The Small Business Association (SBA) recently issued a Procedural Notice regarding the procedures required when an entity that has received Paycheck Protection Program (PPP) funds is contemplating a change in ownership. Notably, the Notice outlines when a business needs to obtain the SBA’s consent before the change in ownership in order to avoid defaulting on the loan.

What Is Considered a Change in Ownership?

The Notice defines a “change in ownership” for the purposes of the PPP as a transaction where:

  • At least 20 percent of the common stock or other ownership interest of a PPP borrower (including a publicly-traded entity) is sold or otherwise transferred, whether in one or more transactions, including to an affiliate or an existing owner of the entity;
  • The PPP borrower sells or otherwise transfers at least 50 percent of its assets (measured by fair market value), whether in one or more transactions; or
  • A PPP borrower is merged with or into another entity.

The SBA advises that for the purposes of determining a change of ownership, all sales and other transfers occurring since the date of approval of the PPP loan must be aggregated to determine whether the relevant threshold has been met. For publicly traded borrowers, only sales or other transfers that result in one person or entity holding or owning at least 20% of the common stock or other ownership interest of the borrower must be aggregated.

In any change of ownership transaction, the PPP borrower must notify the PPP Lender in writing of the contemplated transaction and provide the PPP Lender with a copy of the proposed agreements or other documents that would effectuate the proposed transaction. In addition, regardless of any change of ownership, the PPP borrower remains responsible for (1) performance of all obligations under the PPP loan, (2) the certifications made in connection with the PPP loan application, including the certification of economic necessity, and (3) compliance with all other applicable PPP requirements. The PPP borrower will also remain responsible for obtaining, preparing, and retaining all required forms and documentation and providing these forms and documents to the PPP lender, servicer, or SBA upon request.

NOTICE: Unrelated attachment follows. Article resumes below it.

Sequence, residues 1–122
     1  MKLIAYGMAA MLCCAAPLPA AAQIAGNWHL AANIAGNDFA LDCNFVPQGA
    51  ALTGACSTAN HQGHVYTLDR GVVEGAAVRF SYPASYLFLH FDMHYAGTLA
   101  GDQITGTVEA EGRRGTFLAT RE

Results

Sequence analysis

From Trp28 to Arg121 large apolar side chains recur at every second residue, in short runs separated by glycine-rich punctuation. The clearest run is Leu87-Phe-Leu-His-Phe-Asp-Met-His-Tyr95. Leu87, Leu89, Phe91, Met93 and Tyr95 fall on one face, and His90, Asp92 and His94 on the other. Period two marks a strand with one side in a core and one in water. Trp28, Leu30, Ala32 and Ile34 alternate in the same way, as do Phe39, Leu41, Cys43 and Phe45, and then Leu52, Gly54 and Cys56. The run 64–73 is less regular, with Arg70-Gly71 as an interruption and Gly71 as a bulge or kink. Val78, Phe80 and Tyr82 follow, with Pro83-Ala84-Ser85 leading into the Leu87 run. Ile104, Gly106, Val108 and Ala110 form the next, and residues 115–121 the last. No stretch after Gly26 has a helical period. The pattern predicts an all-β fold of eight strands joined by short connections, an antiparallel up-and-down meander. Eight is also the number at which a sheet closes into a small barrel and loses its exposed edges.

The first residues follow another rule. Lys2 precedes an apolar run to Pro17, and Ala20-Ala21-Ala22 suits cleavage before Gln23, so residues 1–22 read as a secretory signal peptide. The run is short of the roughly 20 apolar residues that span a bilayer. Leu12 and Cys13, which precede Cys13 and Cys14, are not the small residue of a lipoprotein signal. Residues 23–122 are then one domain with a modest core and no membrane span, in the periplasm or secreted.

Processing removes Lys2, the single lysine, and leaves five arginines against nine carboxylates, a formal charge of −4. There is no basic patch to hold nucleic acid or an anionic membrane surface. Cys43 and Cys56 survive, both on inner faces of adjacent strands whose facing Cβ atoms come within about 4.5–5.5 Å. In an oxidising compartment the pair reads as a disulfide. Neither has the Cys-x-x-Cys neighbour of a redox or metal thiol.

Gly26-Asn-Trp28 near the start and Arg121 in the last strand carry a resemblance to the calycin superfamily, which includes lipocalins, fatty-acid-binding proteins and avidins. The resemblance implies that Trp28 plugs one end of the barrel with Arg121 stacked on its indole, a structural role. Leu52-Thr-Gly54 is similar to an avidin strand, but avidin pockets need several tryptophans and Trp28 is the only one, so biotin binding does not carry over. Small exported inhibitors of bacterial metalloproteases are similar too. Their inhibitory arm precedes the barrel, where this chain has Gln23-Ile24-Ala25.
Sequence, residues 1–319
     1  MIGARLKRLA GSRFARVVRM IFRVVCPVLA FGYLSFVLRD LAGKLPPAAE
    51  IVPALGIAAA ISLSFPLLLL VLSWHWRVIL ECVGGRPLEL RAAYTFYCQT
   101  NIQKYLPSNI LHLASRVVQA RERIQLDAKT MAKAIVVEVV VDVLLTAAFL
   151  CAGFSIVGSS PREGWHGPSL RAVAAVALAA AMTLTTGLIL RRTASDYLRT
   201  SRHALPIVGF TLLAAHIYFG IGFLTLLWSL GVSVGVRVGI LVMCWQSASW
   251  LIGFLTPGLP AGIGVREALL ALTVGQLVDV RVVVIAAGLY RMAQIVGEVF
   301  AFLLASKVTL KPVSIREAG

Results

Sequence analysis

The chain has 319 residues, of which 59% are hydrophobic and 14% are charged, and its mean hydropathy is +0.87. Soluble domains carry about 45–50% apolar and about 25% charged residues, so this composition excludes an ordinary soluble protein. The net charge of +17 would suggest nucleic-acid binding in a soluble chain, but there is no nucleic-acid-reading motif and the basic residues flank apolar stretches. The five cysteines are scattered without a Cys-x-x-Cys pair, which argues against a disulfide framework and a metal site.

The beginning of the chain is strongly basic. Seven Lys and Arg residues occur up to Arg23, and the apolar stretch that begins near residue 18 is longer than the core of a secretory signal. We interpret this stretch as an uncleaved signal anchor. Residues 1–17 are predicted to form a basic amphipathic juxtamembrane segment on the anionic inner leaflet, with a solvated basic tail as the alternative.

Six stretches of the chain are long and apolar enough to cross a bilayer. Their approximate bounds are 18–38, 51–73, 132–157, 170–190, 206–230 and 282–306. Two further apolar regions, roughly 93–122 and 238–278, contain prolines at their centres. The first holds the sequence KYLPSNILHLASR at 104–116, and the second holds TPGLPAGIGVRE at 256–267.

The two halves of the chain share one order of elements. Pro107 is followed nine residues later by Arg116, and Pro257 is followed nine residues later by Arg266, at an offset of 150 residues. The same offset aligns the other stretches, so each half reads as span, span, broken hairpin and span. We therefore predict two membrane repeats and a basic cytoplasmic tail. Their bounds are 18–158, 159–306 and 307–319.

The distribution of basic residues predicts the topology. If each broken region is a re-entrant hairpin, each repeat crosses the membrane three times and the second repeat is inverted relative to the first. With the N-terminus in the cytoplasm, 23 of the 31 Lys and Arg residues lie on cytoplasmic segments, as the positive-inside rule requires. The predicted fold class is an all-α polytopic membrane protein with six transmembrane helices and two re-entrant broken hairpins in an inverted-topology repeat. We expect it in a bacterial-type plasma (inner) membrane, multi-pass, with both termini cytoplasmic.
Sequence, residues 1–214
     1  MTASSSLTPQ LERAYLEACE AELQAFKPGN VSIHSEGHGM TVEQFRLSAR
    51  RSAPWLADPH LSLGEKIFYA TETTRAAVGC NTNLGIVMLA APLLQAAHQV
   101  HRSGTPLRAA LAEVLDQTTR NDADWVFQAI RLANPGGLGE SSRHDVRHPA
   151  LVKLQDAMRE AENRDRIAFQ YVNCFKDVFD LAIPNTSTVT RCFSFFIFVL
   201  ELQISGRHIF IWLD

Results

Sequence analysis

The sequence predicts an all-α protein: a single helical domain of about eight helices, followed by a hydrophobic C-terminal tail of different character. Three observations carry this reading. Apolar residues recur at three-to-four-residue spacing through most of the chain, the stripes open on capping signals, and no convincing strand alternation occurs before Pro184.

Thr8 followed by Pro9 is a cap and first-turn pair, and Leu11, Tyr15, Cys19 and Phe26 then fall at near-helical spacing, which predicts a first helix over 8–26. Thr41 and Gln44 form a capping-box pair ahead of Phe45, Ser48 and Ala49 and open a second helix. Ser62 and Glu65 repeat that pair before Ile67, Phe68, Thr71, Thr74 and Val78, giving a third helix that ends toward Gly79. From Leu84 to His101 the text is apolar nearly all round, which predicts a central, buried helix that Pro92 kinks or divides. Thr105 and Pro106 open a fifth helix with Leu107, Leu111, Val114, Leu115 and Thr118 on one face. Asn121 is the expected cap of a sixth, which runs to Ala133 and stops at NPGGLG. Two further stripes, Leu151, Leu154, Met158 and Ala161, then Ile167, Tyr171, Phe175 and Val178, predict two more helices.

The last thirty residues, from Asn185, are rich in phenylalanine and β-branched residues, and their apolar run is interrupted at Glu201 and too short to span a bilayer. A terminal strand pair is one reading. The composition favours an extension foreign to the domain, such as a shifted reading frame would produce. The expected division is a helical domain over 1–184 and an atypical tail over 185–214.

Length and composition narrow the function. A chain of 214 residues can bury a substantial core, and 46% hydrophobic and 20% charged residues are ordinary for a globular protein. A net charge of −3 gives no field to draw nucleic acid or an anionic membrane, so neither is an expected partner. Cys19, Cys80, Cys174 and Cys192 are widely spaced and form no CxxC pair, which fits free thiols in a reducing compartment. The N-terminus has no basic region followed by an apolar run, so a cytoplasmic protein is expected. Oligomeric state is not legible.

Transactions Not Requiring SBA Approval (But Lender Approval Needed)

There are no restrictions on a change of ownership if, prior to closing the sale or transfer, the PPP borrower has repaid the PPP Note in full. In addition, there are also no restrictions if the PPP borrower has completed the loan forgiveness process in accordance with the PPP requirements, and SBA has remitted funds to the PPP Lender in full satisfaction of the PPP Note or the PPP borrower has repaid any remaining balance on the PPP loan.

In addition, SBA approval is not required in the following situations:

  • Change of ownership is structured as a sale or other transfer of common stock or other ownership interest or as a merger: An individual or entity may sell or otherwise transfer common stock or other ownership interest in a PPP borrower without the prior approval of SBA only if: a)  The sale or other transfer is of 50% or less of the common stock or other ownership interest of the PPP borrower; or b)  The PPP borrower completes a forgiveness application reflecting its use of all of the PPP loan proceeds and submits it, together with any required supporting documentation, to the PPP Lender, and an interest-bearing escrow account controlled by the PPP Lender is established with funds equal to the outstanding balance of the PPP loan. After the forgiveness process (including any appeal of SBA’s decision) is completed, the escrow funds must be disbursed first to repay any remaining PPP loan balance plus interest.